Cleaning Point of Care Blood Testing Devices for example, a glucose meter, INR monitors)
Follow the device manufacturer's recommendations.

Outbreaks of hepatitis B virus (HBV) have been associated with blood glucose monitoring.   According to the CDC, blood glucose monitors should not be shared. If they must be shared, the device should be cleaned and disinfected after every use, following the manufacturer’s instructions. If the manufacturer does not specify how the device should be cleaned and disinfected then it should not be shared. Manufacturer’s instructions for cleaning and disinfecting the device should be located with the device, so staff can readily access the instructions.

Key Recommendations for Cleaning, Disinfection, and/or Sterilization of Medical Devices in Outpatient Settings:

  • Develop and maintain policies and procedures for handling of devices that are contaminated with blood or body fluids.
  • Ensure that reusable medical equipment (e.g., blood glucose meters and other point of care devices, surgical instruments, endoscopes) is cleaned appropriately prior to use on another patient.
  • Inventory all reusable medical devices and instruments, determine the level of criticality (Spaulding Classification) and establish protocols for reprocessing based on classification and manufacturer's recommendations.
  • Reusable medical equipment must be cleaned, reprocessed (disinfection or sterilization) and maintained according to the manufacturer's instructions. If the manufacturer does not provide such instructions, the device may not be suitable for multi-patient use.
  • Before using any chemical, obtain and review the Safety Data Sheet and ensure all healthcare personnel who will be using the chemical are appropriately trained regarding proper use, necessary personal protective equipment, and what to do if there is an exposure or spill.
  • Assign responsibilities for reprocessing of medical equipment to appropriately trained healthcare personnel.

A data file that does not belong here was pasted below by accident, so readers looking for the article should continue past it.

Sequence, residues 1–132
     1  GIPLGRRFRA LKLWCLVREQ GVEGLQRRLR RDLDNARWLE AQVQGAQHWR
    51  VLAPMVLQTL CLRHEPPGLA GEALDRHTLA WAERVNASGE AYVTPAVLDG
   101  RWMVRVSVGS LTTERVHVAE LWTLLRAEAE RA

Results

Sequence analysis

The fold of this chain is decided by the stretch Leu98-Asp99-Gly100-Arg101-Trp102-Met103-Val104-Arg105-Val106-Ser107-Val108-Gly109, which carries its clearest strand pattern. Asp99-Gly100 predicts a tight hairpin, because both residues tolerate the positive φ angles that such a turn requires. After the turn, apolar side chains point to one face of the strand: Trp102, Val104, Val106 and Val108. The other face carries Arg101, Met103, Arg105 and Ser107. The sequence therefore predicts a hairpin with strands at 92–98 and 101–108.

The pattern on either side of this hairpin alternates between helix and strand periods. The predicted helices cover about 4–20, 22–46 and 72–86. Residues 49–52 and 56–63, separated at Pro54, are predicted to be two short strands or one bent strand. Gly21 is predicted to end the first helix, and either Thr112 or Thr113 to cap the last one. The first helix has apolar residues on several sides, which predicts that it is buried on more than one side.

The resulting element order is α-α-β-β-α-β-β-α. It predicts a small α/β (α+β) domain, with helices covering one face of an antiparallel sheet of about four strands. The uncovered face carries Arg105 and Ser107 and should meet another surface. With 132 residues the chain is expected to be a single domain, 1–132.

• Maintain copies of the manufacturer's instructions for reprocessing of equipment in use at the facility; post instructions at locations where reprocessing is performed.
    • Observe procedures to document competencies of healthcare personnel responsible for equipment reprocessing upon assignment of those duties, whenever new equipment is introduced, and on an ongoing periodic basis (e.g., quarterly).
  • Assure healthcare personnel have access to and wear appropriate personal protective equipment when handling and reprocessing contaminated patient equipment.

References:

CDC. (2016). Guide to Infection Prevention For Outpatient Settings: Minimum Expectations for Safe Care.

CDC. (2008). Guideline for Disinfection and Sterilization in Healthcare Facilities.

Infection Prevention during Blood Glucose Monitoring and Insulin Administration https://www.cdc.gov/injectionsafety/blood-glucose-monitoring.html

American Society for Gastrointestinal Endoscopy and the Society for Healthcare Epidemiology of America. (2011). Multisociety guideline on reprocessing flexible gastrointestinal endoscopes: 2011. Gastrointestinal Endoscopy, 73 (6): 2011 1075-1084.